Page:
Editorial: More hubris in health reform

Published Dec 20, 2013 at 12:01AM

Oregon’s health care circus that brought you the embarrassment and disaster of Cover Oregon is already dreaming up the next round of reform.

It’s more can-do attitude from a state government that has proven it can’t do.

The next experiment to be inflicted on Oregonians is ramping up state control of health care.

The Oregon Health Policy Board has shipped off the plan to Gov. John Kitzhaber.

Back in happier days, Kitzhaber told the board in June he wanted more ideas to lower costs, improve care and expand access to care. Specifically, he wanted to find ways to mitigate cost shifting, decrease health premiums and give health care more transparency and accountability.

Those are things almost every Oregonian wants.

The board’s plan has three big recommendations. One is to require more public reporting of health care utilization, cost, quality and health equity. That information could create a better marketplace for consumers and give health care professionals better tools to figure out what works.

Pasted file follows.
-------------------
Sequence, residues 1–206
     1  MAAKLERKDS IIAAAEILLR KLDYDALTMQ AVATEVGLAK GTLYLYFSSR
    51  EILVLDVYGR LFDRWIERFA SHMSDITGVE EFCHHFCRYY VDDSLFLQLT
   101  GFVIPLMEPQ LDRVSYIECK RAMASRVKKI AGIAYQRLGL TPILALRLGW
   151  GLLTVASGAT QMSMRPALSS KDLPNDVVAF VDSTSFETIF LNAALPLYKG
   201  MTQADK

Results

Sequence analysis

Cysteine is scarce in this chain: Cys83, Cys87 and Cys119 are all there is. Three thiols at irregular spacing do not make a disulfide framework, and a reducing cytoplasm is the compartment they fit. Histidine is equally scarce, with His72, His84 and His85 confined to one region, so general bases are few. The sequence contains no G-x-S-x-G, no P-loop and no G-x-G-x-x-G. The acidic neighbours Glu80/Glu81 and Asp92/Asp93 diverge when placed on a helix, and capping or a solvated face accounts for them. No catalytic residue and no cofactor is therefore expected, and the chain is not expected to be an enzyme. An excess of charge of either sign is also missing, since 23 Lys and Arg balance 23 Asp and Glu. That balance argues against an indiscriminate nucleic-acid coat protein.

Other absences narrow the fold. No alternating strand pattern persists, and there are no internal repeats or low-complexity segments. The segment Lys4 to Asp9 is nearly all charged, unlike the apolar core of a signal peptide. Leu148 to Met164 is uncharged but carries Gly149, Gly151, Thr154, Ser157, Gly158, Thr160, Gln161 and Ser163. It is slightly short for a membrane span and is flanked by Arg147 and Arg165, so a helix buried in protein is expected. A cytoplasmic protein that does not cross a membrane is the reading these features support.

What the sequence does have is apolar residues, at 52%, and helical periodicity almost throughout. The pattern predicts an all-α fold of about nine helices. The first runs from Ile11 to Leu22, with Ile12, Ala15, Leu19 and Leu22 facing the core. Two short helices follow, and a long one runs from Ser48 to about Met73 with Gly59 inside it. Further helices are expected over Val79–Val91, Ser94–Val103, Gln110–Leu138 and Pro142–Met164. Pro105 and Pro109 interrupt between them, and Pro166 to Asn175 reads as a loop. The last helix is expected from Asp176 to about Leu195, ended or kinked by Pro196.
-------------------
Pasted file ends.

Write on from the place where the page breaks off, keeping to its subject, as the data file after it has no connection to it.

The second is to have the state government flex its regulatory muscle to control costs. It is developing a “sustainable rate of growth” for health care costs. It would presumably also need the power to forbid or punish those who transgress as it already does with health insurance rates.

And the third recommendation is to expand and improve primary and chronic care. One example the board looked at is Rhode Island, which mandates that insurers spend more on primary care. That comes at the expense of specialized care.

These fresh reform novelties are a welcome roost for the state officials ashamed of Cover Oregon’s failure. They blame the problems on somebody else. They tingle at another chance to improve health care.

What could possibly go wrong?

But just try singing that song to someone whose family will not have promised health insurance come Jan. 1.

Oregonians need less hubris from their dreamy reformers.